We needed to run 200 amps of electricity from the meter on the back corner of the garage to the mechanical room in the middle of the house. This part of the process was necessary and lessons were learned, but it was a smallish stand alone project, so here is the shortest video segment yet…
Code requires that 200 amp service needs at least 2/0 copper cable or 4/0 aluminum. I went with the copper, even though it is a little more expensive, because it is much thinner and easier to work with. The rooms are not that far apart, but since I had to start in the back corner of the garage and travel a long path up and along walls, I ended up ordering enough for a 125ft service run.
The run requires three of the heavy 2/0 cables (220 volt service) and one smaller 4 gauge ground wire, so the total weight on the spool was about 200 lbs. We attached conduit to the steel Quonset hut with 3/8ths inch bolts that could support the weight (and the tugging). Actually, these were bolts left over from assembling the Quonset hut. On the back wall, we attached to the Fox blocks with wood screws every 8 inches.
The cables have a slightly slippery coating that makes pulling easier, but I still didn’t think my wire puller could handle the load. Instead, we used the wire puller to pull a rope thru the conduit, and then we used the rope to pull the heavy two-ought cables.
Code limits the maximum number of bends because it just gets too hard to pull the wire if there are too many. My run was below the maximum, but I still didn’t want to try pulling the whole thing at once. Instead, we put up the first section with just a single 90 degree bend and pulled the wires just thru that. Then we added sections, threading them over the cables and working back toward the breakers.
The quick time-lapse makes it look easy, but it really didn’t feel like it at the time and I was very glad to have hunters help. Don’t try this sort of thing on your own. At one point you can see us both trying to support the weight of the cable while we add screws for the brackets in that back corner. Lots of sweat.
I just liked this pic that the timelapse camera took of the arches while we were organizing the wires
My parents came out that weekend to help with setting up steel (that’s another video), but also jumped in to help me wrangle the wires into conduit and fit those in place between the garage and the mechanical room. The trickiest part here was that both ends of the assembly were fixed and we had to get the conduit measured just right and then, with the wire already in side, fit between the two ends. Fortunately, it was just flexible enough.
This last section of conduit is “outside” now, but eventually the kitchen floor will be poured over it.
Welcome Hunter M. to the video.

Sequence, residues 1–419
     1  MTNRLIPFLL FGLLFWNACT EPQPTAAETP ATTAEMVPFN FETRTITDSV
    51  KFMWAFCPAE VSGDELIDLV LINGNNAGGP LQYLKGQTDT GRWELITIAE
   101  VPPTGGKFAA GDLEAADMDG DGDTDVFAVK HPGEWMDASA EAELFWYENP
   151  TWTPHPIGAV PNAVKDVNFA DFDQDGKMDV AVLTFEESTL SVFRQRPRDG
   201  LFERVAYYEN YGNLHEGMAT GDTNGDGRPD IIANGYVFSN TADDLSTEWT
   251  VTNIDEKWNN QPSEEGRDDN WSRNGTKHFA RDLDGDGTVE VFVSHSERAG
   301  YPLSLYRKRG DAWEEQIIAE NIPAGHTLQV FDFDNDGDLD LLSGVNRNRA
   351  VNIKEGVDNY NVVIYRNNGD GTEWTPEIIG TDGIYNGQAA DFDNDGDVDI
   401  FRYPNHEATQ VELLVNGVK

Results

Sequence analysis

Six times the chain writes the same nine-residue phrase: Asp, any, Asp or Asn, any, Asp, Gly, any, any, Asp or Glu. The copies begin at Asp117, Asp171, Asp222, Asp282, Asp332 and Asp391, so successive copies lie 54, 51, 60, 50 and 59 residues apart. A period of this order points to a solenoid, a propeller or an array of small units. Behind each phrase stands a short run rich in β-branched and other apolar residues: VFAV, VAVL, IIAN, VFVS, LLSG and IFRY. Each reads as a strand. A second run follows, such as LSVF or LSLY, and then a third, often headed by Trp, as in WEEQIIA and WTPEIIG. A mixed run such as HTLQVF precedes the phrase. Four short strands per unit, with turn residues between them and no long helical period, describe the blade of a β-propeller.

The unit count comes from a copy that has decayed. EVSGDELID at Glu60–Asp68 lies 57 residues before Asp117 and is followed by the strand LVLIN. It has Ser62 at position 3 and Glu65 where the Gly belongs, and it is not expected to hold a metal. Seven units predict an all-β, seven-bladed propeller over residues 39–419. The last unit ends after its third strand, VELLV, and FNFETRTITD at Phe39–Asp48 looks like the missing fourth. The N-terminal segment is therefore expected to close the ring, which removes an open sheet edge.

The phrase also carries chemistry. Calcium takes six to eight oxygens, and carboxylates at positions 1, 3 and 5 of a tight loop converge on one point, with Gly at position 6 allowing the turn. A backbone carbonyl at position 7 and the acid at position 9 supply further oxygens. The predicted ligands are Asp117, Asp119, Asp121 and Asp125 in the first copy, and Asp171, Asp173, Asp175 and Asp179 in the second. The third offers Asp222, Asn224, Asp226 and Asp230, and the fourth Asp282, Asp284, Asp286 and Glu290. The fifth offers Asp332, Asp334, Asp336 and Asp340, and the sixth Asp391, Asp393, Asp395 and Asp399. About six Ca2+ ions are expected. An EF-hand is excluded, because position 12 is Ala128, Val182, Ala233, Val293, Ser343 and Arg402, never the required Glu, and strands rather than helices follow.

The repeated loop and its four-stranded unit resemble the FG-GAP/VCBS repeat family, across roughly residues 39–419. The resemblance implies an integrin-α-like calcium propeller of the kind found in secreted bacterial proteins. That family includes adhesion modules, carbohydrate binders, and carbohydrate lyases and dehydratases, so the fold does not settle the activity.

Hunter is an 18 year old college student (just finished his 2nd year of film school) with a side interest in building. His personal interest is in a tiny house project, and, hopefully, he will build his own some day.
Hunter is a great worker, with a very optimistic attitude and a great sense of humor. He is also great at paying attention, he learns fast and he anticipates what I will need next. He has been a great help so far this summer and I am sure he will do well in life. I would be happy to recommend him to anyone, just not on Saturdays when I need his help.
1) Be careful about the direction of your conduit. I put the first section in backward and my first attempt to pull the first cable failed because the cable was hitting on the inside end of the pipe in the connection. Fortunately, I was at least consistent and could go around and pull the cable from the other direction.
Pull the cable in this direction, and never mix directions with the conduit.
This sort of rebar bender can help you move service entrance wire
2) Similar to the service entrance, I found that using my rebar bender helped me feed the wire thru that hole between the inside and outside. It is tough to describe without catching it on video, but you can make the thick/stiff cables move like an inch worm around the corner and through the hole.
3) Code requires all the cables for a run to go thru the same conduit. This is to keep all the cables the same length so that the sin curves for the AC current stay in sync between the black and red cables… If anyone wants to know more, I could come back and put in an illustration to explain that here. I did know that and put all the cables through the one conduit. The second conduit is so that I can later come back and run other things (Ethernet?) from the garage to the mechanical room. When building a concrete, underground house, a second wire chase is a good idea.